You are absolutely right, it would be naïve to believe that this will change anytime soon, especially since most people charged with managing money are still evaluated only by the financial performance they generate. However, it is important to acknowledge that there isn’t one homogenous block of investors but rather different types of investors each one with their own set of preferences when it comes to risk/return, impact and liquidity. On our side, we have built an investment process that balances financial as well as impact considerations as well as integrated reporting including impact KPIs along with the financial performance. Investors’ preferences related to risk/return, liquidity and impact are the basis for us to define the investable universe. Once an opportunity passes our initial impact screening, we build peer groups of similar opportunities to assess and grade each investment impact across three levels and nine dimensions to inform the investment decision. So, we assess the strengths and weaknesses of a given product compared to the universe. Generally, we do not compare products to categorically judge one product as more or less impactful than others given the multifaceted dimensions of development. We prefer to intelligently inform the investment process and decision, then monitor and report regularly on selected KPIs.
What role do you see non-traditional financial actors playing in impact investing, for example philanthropists and foundations, governments, or international organizations?
On our consulting side, we work a lot with development-oriented organizations. Many of them are rightly asking themselves how they can work more closely with both the private sector and institutional investors to mobilize more finance to support high-impact organizations with innovative business models. There are different roles these non-traditional finance actors can play, depending on their expertise and strategy and I will share some concrete examples from our work at iGravity.
Some development organizations work directly with and finance high-impact organizations, before financial investors come into the picture, taking the role of “impact-first investors”. Expo 2020 Dubai is supporting global innovators anywhere in the world through grant funding to build and scale their models and become investment-ready. Swiss Church Aid is directly investing its own capital often as the first external investor in SMEs in Uganda and Senegal that improve the livelihoods of rural communities. The Swiss Agency for Development and Cooperation (SDC), the Medicor Foundation, and the Jacobs Foundation provide impact-linked finance to high-impact enterprises and directly rewards them for positive outcomes generated through their business activities.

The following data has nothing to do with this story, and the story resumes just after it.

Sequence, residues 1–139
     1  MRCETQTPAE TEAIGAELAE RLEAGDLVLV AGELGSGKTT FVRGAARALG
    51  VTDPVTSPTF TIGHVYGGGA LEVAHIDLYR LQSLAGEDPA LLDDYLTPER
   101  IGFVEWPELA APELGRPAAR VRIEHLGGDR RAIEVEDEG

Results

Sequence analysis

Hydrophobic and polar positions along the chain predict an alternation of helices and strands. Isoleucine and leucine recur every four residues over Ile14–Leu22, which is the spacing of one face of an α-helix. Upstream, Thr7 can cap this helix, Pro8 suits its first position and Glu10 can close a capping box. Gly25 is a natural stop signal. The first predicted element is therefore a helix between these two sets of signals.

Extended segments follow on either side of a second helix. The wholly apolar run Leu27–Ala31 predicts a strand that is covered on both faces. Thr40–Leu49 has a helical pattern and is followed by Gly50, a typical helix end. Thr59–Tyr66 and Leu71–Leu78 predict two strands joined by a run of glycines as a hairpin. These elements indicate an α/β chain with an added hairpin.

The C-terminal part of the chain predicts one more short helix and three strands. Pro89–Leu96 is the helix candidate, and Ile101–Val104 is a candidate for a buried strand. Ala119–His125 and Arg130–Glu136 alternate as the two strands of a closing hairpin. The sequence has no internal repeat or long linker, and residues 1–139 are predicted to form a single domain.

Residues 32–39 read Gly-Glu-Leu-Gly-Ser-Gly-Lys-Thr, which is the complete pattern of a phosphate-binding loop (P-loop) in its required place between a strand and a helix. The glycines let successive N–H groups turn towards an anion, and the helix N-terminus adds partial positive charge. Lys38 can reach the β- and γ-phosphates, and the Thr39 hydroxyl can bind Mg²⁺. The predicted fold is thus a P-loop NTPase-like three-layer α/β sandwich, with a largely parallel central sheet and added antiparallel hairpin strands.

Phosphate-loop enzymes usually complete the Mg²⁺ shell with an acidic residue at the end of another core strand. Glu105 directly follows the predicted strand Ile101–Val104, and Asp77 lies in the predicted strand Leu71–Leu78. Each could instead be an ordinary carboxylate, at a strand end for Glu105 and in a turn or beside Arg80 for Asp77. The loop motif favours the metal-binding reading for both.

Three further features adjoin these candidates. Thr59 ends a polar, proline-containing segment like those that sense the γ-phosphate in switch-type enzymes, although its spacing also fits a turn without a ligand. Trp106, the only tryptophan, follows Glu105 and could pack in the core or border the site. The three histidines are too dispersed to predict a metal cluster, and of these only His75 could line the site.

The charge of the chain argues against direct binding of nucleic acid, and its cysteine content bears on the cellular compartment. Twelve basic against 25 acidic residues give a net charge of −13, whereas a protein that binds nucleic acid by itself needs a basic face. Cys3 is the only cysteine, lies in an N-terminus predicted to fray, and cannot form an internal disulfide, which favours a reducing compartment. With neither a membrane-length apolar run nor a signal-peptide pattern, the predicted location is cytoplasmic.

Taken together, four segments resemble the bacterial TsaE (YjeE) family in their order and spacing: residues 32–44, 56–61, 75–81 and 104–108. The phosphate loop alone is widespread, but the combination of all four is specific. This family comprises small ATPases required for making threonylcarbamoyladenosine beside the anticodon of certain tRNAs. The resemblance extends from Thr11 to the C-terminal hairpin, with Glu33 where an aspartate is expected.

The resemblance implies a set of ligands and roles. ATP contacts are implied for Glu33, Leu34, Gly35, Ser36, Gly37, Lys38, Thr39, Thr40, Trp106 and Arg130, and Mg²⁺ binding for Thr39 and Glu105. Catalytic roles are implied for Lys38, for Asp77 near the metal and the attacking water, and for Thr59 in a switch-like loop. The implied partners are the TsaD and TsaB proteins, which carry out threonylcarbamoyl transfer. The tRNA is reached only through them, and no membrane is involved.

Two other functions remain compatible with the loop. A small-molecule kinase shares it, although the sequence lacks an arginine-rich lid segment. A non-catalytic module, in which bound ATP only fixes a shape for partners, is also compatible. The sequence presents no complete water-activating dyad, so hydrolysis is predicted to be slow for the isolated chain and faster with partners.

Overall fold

Other development partners aim to utilize their thematic expertise, credibility, and networks to design investable impact products and mobilize investors’ capital towards some of the world’s biggest challenges. We have, for instance, assisted Habitat for Humanity in conducting a feasibility study for an affordable housing follow-on fund to MicroBuild and are partnering with the Danish Refugee Council (DRC) to launch very soon a Refugee Investment Fund (RIF).
Some actors work on a more systemic level, promoting and scaling innovations and building new partnerships. SECO, the Swiss Secretariat for Economic Affairs, just announced the creation of the SDG Impact Finance Initiative to incubate and scale innovative financial products that mobilize capital toward the global south. As another example, the SDG Lab wants to promote larger cross-sectoral collaboration and aims specifically at mobilizing the international community in Geneva on issues related to channeling private capital for the SDGs.